The video is also a great education tool – you can easily differentiate the male from the female.  Upon their return to fresh water to spawn, both male and female Coho lose the stunning silver colour they have in the ocean and hue to a vibrant red.  The female retains the classic fish face with smooth lines and silhouette; whereas the male develops a very aggressive, hooked jaw. These characteristics are common to all species of Pacific Salmon.  Here ends your lesson for the day – you are now a salmonid expert!   🙂

Check it out………………the videos are not too shabby considering they were done with her cell phone.  Our understanding is that it was in a waterproof case at the time!!!!!   Whew!

Coho video #1   (video will open in new window; please give it a few moments to load)

Coho Video #2  (video will open in new window; please give it a few moments to load)

There are also some still photographs of the same fish below………………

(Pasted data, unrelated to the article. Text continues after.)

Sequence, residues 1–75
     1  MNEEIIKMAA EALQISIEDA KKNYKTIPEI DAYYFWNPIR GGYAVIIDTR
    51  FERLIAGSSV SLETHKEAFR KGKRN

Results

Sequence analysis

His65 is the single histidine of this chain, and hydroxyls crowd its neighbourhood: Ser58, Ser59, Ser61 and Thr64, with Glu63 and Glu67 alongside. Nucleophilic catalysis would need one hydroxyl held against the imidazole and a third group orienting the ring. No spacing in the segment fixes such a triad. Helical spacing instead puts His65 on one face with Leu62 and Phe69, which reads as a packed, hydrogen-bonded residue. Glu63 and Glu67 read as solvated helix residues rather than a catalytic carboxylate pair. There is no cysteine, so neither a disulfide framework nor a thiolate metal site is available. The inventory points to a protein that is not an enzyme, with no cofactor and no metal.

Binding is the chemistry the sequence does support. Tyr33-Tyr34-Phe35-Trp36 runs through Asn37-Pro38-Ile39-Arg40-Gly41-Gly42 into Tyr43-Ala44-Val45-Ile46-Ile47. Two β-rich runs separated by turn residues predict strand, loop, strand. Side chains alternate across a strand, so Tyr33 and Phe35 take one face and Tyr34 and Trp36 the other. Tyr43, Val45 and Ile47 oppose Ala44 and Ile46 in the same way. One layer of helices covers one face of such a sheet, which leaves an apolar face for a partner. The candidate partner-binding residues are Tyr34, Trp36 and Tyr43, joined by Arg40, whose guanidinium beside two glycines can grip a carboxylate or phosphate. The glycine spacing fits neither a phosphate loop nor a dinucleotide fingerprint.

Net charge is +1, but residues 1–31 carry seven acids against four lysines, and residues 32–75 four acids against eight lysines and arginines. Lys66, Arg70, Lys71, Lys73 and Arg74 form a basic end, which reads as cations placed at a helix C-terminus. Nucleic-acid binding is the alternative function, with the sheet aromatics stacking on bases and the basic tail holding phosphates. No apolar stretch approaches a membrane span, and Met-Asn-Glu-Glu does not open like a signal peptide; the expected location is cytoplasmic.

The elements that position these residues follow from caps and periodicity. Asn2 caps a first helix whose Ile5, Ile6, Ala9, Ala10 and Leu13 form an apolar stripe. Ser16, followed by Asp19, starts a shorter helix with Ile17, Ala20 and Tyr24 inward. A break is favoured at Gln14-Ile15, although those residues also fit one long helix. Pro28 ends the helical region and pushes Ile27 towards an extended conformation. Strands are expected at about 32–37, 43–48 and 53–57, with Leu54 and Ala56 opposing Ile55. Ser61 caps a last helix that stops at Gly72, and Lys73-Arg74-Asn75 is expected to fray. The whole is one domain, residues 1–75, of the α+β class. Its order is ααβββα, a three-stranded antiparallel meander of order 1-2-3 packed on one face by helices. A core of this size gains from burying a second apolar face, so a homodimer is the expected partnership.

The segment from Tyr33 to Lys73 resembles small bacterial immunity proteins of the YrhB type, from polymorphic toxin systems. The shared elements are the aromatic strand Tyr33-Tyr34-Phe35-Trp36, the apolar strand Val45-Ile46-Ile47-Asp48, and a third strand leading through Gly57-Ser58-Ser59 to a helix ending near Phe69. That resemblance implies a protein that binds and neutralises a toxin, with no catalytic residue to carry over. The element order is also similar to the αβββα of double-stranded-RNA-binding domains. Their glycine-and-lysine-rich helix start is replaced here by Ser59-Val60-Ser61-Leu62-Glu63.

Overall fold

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Chum Egg-Take

P.M.E.S. had our 2015 Chum Salmon egg-take from the Alouette River today (November 7) – with subsequent fertilisation and incubation process back at the hatchery.  It was a VERY wet day and the catch was good but not as voluminous as we would have liked.  We took 7 female and 9 male – so that takes our grand total of Chum to about 18 ‘eggers’ (after our DFO Rep, Sandie got 11 female  and 12 male for us last Wednesday). It would appear that the Alouette Chum run is just about on it’s last legs…………………………..

But the day was great is many ways. There were a lot of newbies that had not seen this process before and learned a lot by jumping in and getting some hands-on experience. In fact, we probably had a record participation today so thanks to everyone that made it out!  And special thanks to Noons stalwart Eric Olsen for once again, getting things ready for us when we returned; and to our DFO Community Advisor, Sandie Hollick-Kenyon for organising the day!

I include some photos below, but there are many more at the link below.  As more people come forward with photos, I’ll add them to the link.!40645&authkey=!AKaDnTCPyVNLCyE&ithint=folder%2cjpg